The Southwestern Historical Quarterly, Volume 63, July 1959 - April, 1960 Page: 2
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2 Southwestern Historical Quarterly
of the northern winter, had arranged to pay the traveling expenses
of all three boys. In addition Horace was to receive $134.43 for his
tutorial services. Young Scudder, as befitted the future editor of
Houghton Mifflin and the Atlantic Monthly, kept a journal of
Expecting to sail on January 7, Horace arrived in New York
on the sixth. For unspecified reasons, however, the sailing ship
East of the N. S. E. W. line delayed its departure for two weeks.
At last, Horace recorded in his journal:
After a number of false alarms we received positive sailing orders
for Friday morning 21 Jan. and betook ourselves and luggage to the
brig in which we were to sail for Galveston, Texas. About noon we
were towed by a tug into the channel and anchored off Bedlow Island
waiting a favorable breeze. Mr. Gilman came off in the afternoon
and brought a basket of apples and oranges beside a corkscrew which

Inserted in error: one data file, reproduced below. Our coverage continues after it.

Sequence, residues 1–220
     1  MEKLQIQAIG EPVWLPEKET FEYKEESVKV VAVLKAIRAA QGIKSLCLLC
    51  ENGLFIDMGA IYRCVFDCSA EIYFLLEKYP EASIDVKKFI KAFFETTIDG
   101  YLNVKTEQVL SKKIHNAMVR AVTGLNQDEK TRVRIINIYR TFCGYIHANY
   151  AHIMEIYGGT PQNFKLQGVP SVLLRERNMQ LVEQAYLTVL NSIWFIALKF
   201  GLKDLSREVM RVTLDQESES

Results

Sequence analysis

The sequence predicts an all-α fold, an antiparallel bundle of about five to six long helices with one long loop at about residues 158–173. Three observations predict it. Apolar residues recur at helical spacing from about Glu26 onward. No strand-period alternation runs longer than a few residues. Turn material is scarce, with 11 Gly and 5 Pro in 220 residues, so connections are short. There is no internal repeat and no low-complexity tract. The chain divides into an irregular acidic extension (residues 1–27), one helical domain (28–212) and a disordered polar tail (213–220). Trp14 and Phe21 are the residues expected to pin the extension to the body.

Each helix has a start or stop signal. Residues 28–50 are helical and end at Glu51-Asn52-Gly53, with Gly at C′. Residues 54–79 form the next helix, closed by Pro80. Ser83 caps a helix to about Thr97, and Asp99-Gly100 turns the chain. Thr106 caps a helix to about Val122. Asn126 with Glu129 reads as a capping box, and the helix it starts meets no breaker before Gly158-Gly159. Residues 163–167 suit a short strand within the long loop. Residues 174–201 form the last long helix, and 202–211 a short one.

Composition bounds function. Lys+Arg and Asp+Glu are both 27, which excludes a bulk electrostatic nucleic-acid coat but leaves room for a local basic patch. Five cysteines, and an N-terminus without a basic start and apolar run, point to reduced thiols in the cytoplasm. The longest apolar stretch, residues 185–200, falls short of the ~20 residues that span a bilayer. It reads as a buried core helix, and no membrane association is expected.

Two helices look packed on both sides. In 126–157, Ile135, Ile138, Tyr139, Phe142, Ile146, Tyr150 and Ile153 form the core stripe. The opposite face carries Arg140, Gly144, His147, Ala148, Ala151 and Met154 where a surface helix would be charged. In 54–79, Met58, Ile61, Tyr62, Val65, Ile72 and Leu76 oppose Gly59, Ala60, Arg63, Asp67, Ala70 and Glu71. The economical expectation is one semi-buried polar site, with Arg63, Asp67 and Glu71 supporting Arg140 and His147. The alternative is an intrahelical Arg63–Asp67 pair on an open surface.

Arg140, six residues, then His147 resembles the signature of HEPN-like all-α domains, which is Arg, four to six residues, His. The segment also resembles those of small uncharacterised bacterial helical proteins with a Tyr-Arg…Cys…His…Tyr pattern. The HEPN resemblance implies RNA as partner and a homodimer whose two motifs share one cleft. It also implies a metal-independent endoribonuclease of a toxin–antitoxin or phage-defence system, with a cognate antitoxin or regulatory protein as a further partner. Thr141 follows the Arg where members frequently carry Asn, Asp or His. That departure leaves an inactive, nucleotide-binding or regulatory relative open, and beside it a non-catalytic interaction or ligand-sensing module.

proved very serviceable.
Although the brig, which did not hoist anchor until noon of
the twenty-second, proved to be a good sailer, both Theodore and
Horace were immediately seasick. George proved himself aggra-
vatingly immune. It was a week before the boys were able to take
regular meals. While convalescing, Horace made various experi-
ments with food, discovering
sardines as the most agreeable; oranges bad; raisins worse; apples
doubtful; figs excellent when recovery is certain; pecans pleasant
in small quantities; ale passable; lemonade bad.
He found a further remedy in brandy and water.
As the brig sailed southward and health returned, the boys luxu-
riated in the increasingly mild weather, finding it difficult to
imagine that friends at home were not enjoying a similar June-like
season. They experienced the universal languor of the voyager in
southern seas. One day was like another. They got up at seven
"with the flying fish . .. in absence of the lark," and break-
fasted on potatoes, salt junk, and pork. After the morning meal
they studied (five pages of Livy a day), read (paying particular
attention to Frederick Law Olmsted's Journey through Texas),
wrote, and talked. Dinner was the same as breakfast except for the
addition of pudding; tea was varied by the introduction of ginger-
bread or doughnuts. For exercise the voyagers walked the forty
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Texas State Historical Association. The Southwestern Historical Quarterly, Volume 63, July 1959 - April, 1960, periodical, 1960; Austin, Texas. (texashistory.unt.edu/ark:/67531/metapth101186/m1/20/: accessed October 21, 2017), University of North Texas Libraries, The Portal to Texas History, texashistory.unt.edu; crediting Texas State Historical Association.